• Before 1972, while under British colonization, the island was known as “Ceylon.” Hence tea from Sri Lanka is still called Ceylon tea.
  • Every tea estate in Sri Lanka with which Bigelow Tea does business is part of the Ethical Tea Partnership, which promotes fair treatment of workers and sustainable farming practices.
  • With high elevations that can exceed 6,000 feet, Sri Lankan tea gardens boast extremely favorable soil and weather conditions for growing delicate tea plants.
  • Each Sri Lankan estate prides itself on producing signature teas—much the same way vintners age wines for different tastes.

Enjoy the delicious results in your mug of Bigelow black tea! @Daniela441 tweeted his love for English Teatime. What’s your favorite Bigelow black tea blend?

Whether It’s a Bigelow Teabag Or Eggshells, Compost At Home And Make A Difference!

bigelow tea constant comment

At Bigelow Tea we care deeply about doing our part to take care of the earth and know our consumers do, too. Composting biodegradable materials from our cafeteria, corporate kitchenettes, labs, conference rooms and Plant areas is one way we demonstrate this core value.  In fact, in the last few years we’ve made a company-wide commitment to achieve “Zero Waste to Landfill” status which means less than 10% of our annual waste ends up in a landfill! But did you know that you can use your Bigelow tea bags to help create your own compost at home?

85% of our Bigelow packaging is compostable, biodegradable, or recyclable. So before you turn to toss that just-used bag of Green Tea into the garbage bin, consider composting it in your yard! Composting at home is as simple as collecting your organic materials you’d normally throw away with your trash into a pile or a bin. Think food scraps, eggshells, Bigelow tea bags (tea, tag, and paper bag minus the staple) and coffee grounds from your kitchen. Compost piles can also include dry leaves from your yard and your Sunday newspaper you read while sipping that cup of Green Tea, just make sure to shred it up first!

Sound simple enough? That’s because it is! Bigelow fans like Marcia Del Greco compost their used tea bags daily and you can too!

Bigelow Tea Fan Kristy Shares How To Start A Tea Bag Garden

bigelow tea garden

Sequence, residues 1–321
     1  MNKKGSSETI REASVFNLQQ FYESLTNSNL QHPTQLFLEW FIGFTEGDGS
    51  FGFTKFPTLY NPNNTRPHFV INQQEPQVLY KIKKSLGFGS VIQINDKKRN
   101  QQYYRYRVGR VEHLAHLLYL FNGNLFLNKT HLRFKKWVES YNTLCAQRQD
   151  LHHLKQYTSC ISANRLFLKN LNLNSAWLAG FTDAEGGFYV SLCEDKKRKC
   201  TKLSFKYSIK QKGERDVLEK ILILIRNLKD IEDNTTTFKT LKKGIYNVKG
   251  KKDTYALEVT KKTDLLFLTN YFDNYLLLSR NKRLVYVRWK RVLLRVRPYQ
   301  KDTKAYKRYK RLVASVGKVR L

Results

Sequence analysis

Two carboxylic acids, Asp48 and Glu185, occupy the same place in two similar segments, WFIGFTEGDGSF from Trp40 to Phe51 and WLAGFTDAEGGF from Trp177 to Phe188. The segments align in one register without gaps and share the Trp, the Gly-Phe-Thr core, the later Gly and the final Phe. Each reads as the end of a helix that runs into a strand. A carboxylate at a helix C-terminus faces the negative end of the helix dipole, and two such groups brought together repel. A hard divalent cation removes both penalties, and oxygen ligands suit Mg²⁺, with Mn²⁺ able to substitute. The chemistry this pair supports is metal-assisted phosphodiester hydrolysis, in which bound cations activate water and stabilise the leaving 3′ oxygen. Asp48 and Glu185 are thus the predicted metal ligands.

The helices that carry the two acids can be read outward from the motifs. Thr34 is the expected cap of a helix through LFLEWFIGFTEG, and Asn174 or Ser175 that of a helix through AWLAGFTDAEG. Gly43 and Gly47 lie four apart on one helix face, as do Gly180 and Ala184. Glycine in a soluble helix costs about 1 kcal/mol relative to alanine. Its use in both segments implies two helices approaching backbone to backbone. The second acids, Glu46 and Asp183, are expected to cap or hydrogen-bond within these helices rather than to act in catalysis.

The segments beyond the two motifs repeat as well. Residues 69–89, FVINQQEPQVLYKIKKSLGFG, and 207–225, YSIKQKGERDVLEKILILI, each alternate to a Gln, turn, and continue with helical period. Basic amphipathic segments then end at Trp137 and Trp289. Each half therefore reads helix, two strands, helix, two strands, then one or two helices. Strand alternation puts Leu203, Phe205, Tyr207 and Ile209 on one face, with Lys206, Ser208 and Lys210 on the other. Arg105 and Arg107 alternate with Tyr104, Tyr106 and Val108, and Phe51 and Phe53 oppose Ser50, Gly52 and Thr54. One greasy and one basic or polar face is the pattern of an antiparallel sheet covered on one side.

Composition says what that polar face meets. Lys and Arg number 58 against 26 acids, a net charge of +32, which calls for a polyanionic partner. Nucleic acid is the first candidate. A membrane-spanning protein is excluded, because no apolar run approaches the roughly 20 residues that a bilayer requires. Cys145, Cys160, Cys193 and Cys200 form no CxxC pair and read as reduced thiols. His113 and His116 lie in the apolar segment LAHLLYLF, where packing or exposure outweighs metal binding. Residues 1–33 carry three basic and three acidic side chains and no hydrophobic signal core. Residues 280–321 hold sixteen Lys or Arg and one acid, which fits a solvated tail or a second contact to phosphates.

At Bigelow Tea, we are big fans of composting, so we get super excited when a tea fan shares a new composting tip, especially when it involves used Bigelow tea bags.  Meet fan Kristy as she shares her family story, the how-tos and pictures on starting a tea bag garden:

You can start a garden easily and with very little expense using tea bags.  When I was growing up, my family would go to Puerto Rico every year for spring break.  It was there, visiting my grandmother (Abuela), that I first learned about tea bag gardening. 

My grandmother always served tea in the evening and collected our used tea bags in a glass jar.  At the time, being about 6 years old, I thought this was an odd practice, so I asked her why she was saving our old tea bags and she said that she would show me in the morning.  The next morning, my grandmother passed on the steps that I will now share with you. 

 

How To Start A Tea Bag Garden

You will need:

  • Disposable serving tray
  • Seeds of your choice
  • Used Bigelow tea bags-any flavor –minus the staple
  • Unbleached paper towels
  • Watering pitcher
  • Small blade/knife (optional)

Step by step instructions:

  1. Begin with a plate, platter or disposable serving tray (found at any Dollar Store).
  1. Line your tray with unbleached paper towels.  Use unbleached paper towels to avoid chemical leaching.
  1. Prepare your fresh tea bags (prepare normally using boiling water from your kettle) or take your collection of used tea bags and moisten them in water.bigelow tea tea garden
  1. Place your moistened tea bags on your tray.  Be sure to allow space between the bags.
  1. Next, using a small blade/knife or your fingers, make a small slit in the tea bags (large enough to plant your seeds).
  1. Now, take 2-3 seeds and push them into the slit that you made in the tea bag so that the seeds are slightly covered by the tea leaves.  Note that because the tea leaves are moist, some of the contents of the tea bag will get on your fingers but be patient and continue to make sure that the seed is indeed in place.
  1. Take your watering pitcher and pour water onto the paper towels-NOT directly onto the teabags.bigelow tea tea bags garden